Background: Childhood asthma may have a fetal origin through fetal growth and development of the immunocompetence or respiratory organs.
Objective: We examined to which extent short gestational age, low birth weight and fetal growth restriction were associated with an increased risk of asthma hospitalization in childhood.
Methods: We undertook a cohort study based on several national registers in Denmark, Sweden and Finland. We included all live singleton born children in Denmark during 1979-2005 (N = 1,538,093), in Sweden during 1973-2004 (N = 3,067,670), and a 90% random sample of singleton children born in Finland during 1987-2004 (N = 1,050,744). The children were followed from three years of age to first hospitalization for asthma, emigration, death, their 18th birthday, or the end of study (the end of 2008 in Denmark, and the end of 2007 in Sweden or Finland), whichever came first. We computed the pseudo-values for each observation and used them in a generalized estimating equation to estimate relative risks (RR) for asthma hospitalization.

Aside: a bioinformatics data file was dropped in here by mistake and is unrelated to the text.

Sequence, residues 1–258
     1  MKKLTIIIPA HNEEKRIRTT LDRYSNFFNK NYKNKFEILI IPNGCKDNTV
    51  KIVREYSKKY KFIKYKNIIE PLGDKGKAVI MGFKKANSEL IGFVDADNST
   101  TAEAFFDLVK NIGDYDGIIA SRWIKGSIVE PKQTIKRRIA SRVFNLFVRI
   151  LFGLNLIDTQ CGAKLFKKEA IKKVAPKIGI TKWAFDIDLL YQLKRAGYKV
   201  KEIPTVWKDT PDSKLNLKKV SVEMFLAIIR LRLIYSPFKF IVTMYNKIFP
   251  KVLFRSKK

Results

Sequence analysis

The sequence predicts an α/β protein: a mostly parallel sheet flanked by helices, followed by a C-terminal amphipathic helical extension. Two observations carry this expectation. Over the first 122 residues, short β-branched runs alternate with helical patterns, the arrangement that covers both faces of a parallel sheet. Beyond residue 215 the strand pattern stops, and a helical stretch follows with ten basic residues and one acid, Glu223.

Results: A total of 131,783 children were hospitalized for asthma during follow-up. The risk for asthma hospitalization consistently increased with lower birth weight and shorter gestational age. A 1000-g decrease in birth weight corresponded to a RR of 1.17 (95% confidence interval (CI) 1.15-1.18). A one-week decrease in gestational age corresponded to a RR of 1.05 (95% CI 1.04-1.06). Small for gestational age was associated with an increased risk of asthma hospitalization in term but not in preterm born children.
Conclusions: Fetal growth and gestational age may play a direct or indirect causal role in the development of childhood asthma.